Leroy was born on his parents’ farm in Pittsburgh, Pennsylvania, on 4th of July 1944. In the late ’50s when in his teens, his parents moved to Washington D.C. and there he started playing in local groups. “Every Sunday we sang gospel at church but on Saturdays we listened to the radio, mostly rhythm & blues with Big Joe Turner, Charles Brown or Fats Domino”. No member of the family played an instrument but in Washington Leroy started playing in the school marching-band. In fact he wanted to play the oboe or the bassoon but they needed a drummer, and so it was.
In the beginning he didn’t know anything about jazz. In Pittsburgh he had listened to Charlie Parker ‘live’ and noticed that everyone talked about him as a very special musician. Leroy didn’t understand what Parker was doing; he just wondered why he played twice as fast as all the others. When a cousin of Leroy, who played the drums, moved to Washington it all became clearer to Leroy. “He made me listen to albums with Les McCann and Max Roach and he also explained what was happening”. His cousin personally knew practically all the drummers of importance. Every time they played in Washington they were invited to the Lowe family, an impressive guest list with such illustrious names as Art Blakey, Kenny Clarke, Roy Haynes, Philly Joe Jones, Elvin Jones, Buddy Rich and Max Roach. “It was quite marvelous to meet all these personalities, to sit together with them on the sofa and understand that they were here in our house! Blakey used to go directly to the drums and beat out a marvelous ‘press roll’ almost making the whole house fall apart, and Buddy Rich used to go down to the cellar to practice for hours. When he showed me how he did things, he always told me that it was just to practice over and over again.”
Leroy’s cousin noticed that Leroy wanted to develop his understanding of music and told him to find out what had happened in the years before. So Leroy listened a lot to Zutty Singleton, Baby Dodds, Chick Webb, Big Sid Catlett and Dave Tough: “These guys really knew how to play. Sometimes I couldn’t understand that they were that progressive so long time ago.
When Leroy was 18 he quit the marching-band and began to take private lessons and simultaneously he practiced together with his colleagues Billy Hart, Joe Chambers and some others. At that time there was a jazz club in Washington named Bohemian Caverns and as soon as Miles Davis’ or John Coltrane’s groups played there, Leroy and his friends were present. If Leroy should have been asked to name just one favourite drummer, he’d have said Tony Williams. To Leroy he was a genius, “absolutely complete, and he outshines all the others when it comes to technique, swing and fantasy or whatever you would call it.”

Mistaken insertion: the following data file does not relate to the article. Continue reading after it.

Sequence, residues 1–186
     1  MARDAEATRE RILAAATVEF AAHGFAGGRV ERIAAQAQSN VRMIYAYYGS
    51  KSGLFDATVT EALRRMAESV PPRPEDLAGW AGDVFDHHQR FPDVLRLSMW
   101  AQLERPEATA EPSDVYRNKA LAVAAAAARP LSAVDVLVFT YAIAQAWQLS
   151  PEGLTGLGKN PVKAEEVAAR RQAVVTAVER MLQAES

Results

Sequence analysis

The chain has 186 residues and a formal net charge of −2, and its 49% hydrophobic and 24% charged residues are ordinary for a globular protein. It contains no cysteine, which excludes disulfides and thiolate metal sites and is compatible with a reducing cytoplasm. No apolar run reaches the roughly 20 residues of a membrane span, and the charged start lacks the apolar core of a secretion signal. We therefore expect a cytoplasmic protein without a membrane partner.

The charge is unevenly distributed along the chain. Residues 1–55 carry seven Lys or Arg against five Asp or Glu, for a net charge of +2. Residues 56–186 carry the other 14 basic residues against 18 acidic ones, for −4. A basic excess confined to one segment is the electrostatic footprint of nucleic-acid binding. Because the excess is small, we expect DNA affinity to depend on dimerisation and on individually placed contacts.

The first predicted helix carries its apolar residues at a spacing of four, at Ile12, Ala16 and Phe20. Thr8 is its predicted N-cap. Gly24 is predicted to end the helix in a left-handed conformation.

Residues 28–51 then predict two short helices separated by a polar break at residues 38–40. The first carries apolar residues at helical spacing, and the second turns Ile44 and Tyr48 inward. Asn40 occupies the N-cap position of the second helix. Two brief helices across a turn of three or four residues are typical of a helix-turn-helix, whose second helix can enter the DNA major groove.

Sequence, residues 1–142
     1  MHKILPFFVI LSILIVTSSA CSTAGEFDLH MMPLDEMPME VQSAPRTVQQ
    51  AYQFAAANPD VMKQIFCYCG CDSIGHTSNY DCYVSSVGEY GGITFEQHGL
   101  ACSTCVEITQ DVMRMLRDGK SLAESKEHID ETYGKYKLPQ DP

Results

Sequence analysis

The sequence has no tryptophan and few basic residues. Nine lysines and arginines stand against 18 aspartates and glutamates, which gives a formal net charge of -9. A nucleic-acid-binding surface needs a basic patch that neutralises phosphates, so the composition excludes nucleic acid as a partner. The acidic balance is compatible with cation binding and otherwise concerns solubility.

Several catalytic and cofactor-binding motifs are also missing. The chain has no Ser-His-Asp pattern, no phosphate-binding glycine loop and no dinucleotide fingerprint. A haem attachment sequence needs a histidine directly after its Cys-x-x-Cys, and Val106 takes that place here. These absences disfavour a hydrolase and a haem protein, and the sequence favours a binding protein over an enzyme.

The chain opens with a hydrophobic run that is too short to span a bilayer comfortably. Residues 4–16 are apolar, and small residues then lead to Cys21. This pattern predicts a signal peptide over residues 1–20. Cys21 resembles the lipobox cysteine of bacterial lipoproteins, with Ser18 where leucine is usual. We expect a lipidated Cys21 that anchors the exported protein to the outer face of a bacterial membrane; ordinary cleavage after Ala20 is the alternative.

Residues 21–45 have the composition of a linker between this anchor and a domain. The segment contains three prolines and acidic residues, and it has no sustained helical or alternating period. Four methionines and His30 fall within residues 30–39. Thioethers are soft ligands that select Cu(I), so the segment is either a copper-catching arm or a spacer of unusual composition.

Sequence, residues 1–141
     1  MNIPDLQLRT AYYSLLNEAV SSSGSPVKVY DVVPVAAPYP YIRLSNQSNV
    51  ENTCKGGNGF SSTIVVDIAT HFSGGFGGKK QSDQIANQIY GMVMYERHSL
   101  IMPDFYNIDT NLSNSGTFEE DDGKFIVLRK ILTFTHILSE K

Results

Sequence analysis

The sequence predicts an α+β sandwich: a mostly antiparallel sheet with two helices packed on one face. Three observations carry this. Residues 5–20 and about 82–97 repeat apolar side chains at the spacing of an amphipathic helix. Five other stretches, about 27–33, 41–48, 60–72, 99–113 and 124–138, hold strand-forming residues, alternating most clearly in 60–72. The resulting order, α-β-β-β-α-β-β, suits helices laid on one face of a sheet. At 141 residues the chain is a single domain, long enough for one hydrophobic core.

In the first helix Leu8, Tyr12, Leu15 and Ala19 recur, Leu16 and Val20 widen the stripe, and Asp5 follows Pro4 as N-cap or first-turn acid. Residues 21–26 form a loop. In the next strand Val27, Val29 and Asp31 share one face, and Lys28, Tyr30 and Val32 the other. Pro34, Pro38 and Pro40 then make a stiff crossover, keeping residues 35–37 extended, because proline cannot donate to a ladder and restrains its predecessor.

In 1964-65 Leroy studied drums, piano, harmony and arranging at Berklee School of Music in Boston. When back in Washington he joined a local group for some time and he then toured almost one year with Otis Redding’s Big Band. When he quit the band, he’d played 42 one-nighters in a row and slept in the touring bus on all nights except for three. So he felt that he was no longer able to live in that way. He realized that he had to calm down a bit and take a holiday. So he whirled a globe, closed his eyes and let it spin to see where in the world his finger pointed when it stopped. His finger indicated somewhere between Sweden and Norway. So he went to Oslo, Norway and there he met some Danes who tempted him to go to Copenhagen. Then some Finns tempted him to go to Helsinki, where some Swedes suggested he should go to Stockholm. He loved Stockholm so much that he settled there even though he periodically worked in Amsterdam and other cities. He frequently played in Europe with American and European soloists among others Johnny Griffin, Ben Webster, Dexter Gordon, Toots Thielemans and guitarist Philip Catherine.
For more than over 30 years he was one of the most successful drummers in Sweden and he was a member of several steady groups such as ‘Rena Rama’ (1975-83), Tommy Koverhult’s Quintet (1980-85), ‘Equinox’ (1983-89) – a group which played also in Canada – and ‘Opposite Corner’ (since 1982) where he played with, among others pianist, Åke Johansson and double-bass player Kjell Jansson.
Sadly Leroy, a warm human being and a great musician, is no longer with us. He died of cancer in Stockholm on 13th of December 1999.
(Based on an article by Albrekt von Konow in OrkesterJournalen, Sweden, 2/1994)
Compilation: Charles Gavatin
Translation: Dave Castle
Photo: Charles Gavatin ©
TMcCD 009 Back From Where We Came